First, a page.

Khanyisa Cape Route
The name 'Khanyisa' means to 'bring light'. The name signifies the re-integration of previously split communities; it encapsulates all that is positive about the Cape, which has traditionally been a melting pot of nations.
The Khanyisa Cape Route is all about a pointing tourists to other destinations in the townships, not just the beaten track to struggle route landmarks.
Expect the unexpected on a township tour – and this route offers just that: from the vibrant music and rhythms of a township shebeen to the rustic simplicity of alternative accommodation in an informal settlement. The participants of this route offer visitors the opportunity to share their homes and lives with them.
Khayelitsha is the biggest and the youngest black township to emerge on the Cape Flats. It was originally a squatter settlement, but is now the third-largest township in South Africa.
Historical background of Khayelitsha:
Khayetlitsha was established in 1983. The early inhabitants of Khayelitsha came from other black townships of Cape Town with the majority then coming from Old Crossroads. Khayelitsha was built under the principles of racial segregation and the township itself is growing very fast, and it has been recognised as one of the biggest black townships in South Africa. At present the total population of Khayetlisha is estimated at approximately one million. One of the most important things about Khayelitsha is that its residents played some important roles to liberate this country from the bondages of the apartheid regime.
As it is becoming a common practice around the country, also here in Khayelitsha, a number of significant places are being renamed after some of the former freedom fighters.Oliver Tambo Centre, which was known as the Mew Way Hall before 1999, was named after ANC activist, Oliver Tambo. This area has a significant number of tourist attractions, for example the Lookout Hill, which is the initiative of the City of Cape Town together with the national government to maximise the number of visitors, tourism and related business investing in the area.
With a population of approximately one million people of which the majority are Xhosa speaking, they still value their culture and history. They are also engaged in diffrent activities with many of them being related to tourism - these include arts and crafts, beadwork, restaurants that serve different foods and African cuising, interesting cultural tours conducted by operators from the area and many more.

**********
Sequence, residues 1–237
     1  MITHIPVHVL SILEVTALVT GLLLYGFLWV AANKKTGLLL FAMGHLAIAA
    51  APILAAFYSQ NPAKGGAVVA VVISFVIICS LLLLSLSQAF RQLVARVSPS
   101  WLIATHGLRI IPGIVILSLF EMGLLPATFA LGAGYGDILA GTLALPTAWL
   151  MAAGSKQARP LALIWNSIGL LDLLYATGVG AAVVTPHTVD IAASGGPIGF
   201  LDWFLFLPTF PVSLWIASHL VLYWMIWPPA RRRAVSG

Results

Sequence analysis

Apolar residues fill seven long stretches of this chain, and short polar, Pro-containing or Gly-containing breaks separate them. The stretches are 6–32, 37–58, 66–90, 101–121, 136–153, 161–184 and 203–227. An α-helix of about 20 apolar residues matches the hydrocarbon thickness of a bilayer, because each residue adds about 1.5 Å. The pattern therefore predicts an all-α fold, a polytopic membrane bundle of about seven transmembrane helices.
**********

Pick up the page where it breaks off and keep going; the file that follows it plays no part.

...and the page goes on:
Khayelitsha is regarded as a true reflextion of all African traditions. The majority of people live in informal settlements with a very high persentage of unemployment and poverty being the order of the day. What is interesting here is that most of these people are not just sitting down waiting for the government to spoon feed them; they are engaging themselves in diffrent self-help projects. Such projects include Vukuzenzele, which encourages people to stand up and do things for themselves. Most local residents survive by selling different products along the streets in order for them to be able to put food on the table for their families and also be able to educate their children.
A tour without experiencing the communities of Khayelitsha with its dynamic experiences is not complete - the visitors are invited to come to the township to learn more about the culture and to mingle with the locals. Visitors may experience a variety of activities when visiting this beautiful, vibrant township - one of these is a visit to a sangoma (traditional healers or herbalists).
A summery of the main events in Khayelitsha's development between 1983 and 1995:
March 1983: Farm Driftsands was identified as a township for all Africans in the Cape Peninsula;
May 1983: For the first time Khayelitsha was mentioned in newspapers. The development consists of four towns or villages with 2500 families each. This was to be built at a rate of 3-5000 core houses annually and to accommodate approximately 250 000 by the year 2000;
April 1985: 30 000 people moved to Site C - a part of Khayelitsha;
February 1986: 35 000 people moved to Site B - part of Khayelitsha - on 900 serviced stands;
May 1986: Violence in Old Crossroads - 10 000 refugees were housed in tents in Green Point (part of Khayelitsha);
October 1987: 20 000 people live in emergency camps;
February 1988: The railway line opened;
October 1988: Municipal elections with a low turnout took place. Lingelethu West established with Mali Hoza and traditionalists councilors;
February 1990: ANC etc unbanned - visible opposition to local authority;
April 1990: Call for rent boycott to protest housing conditions;
July 1990: Electricity payment boycott. SADF moves into Khayelitsha to stop unrest;
August 1990: 3000 Green Point families settled in Macassar stands (part of Khayelitsha);
October 1990: Michael Mapongwana (WCCA/Civics) emerges as main opponent of local authority system;
1991/1992: Taxi wars and political conflict (Lagunya/Webta);
March 1991: Eight counsillors tried for murder (they were later acquitted);
July 1991: Harare, another part of Khayelitsha, is established;
April 1994: Peaceful national elections;
1994/1995: Process of choosing transitional local councils starts - council and mayor elected;
March 1995: Deputy mayor killed;
November 1995: Local elections were held.
Since 1995 numerous developments have taken place in the entire Khayelitsha area. Today Khayelitsha plays a crucial part in the economic development of the region with its growing entrepreneurs and stability in other formal businesses. Currently, Khayelitsha has a slightly growing number of accommodation establishments, craft markets, artists, etc.
*Source: Cape Town Tourism
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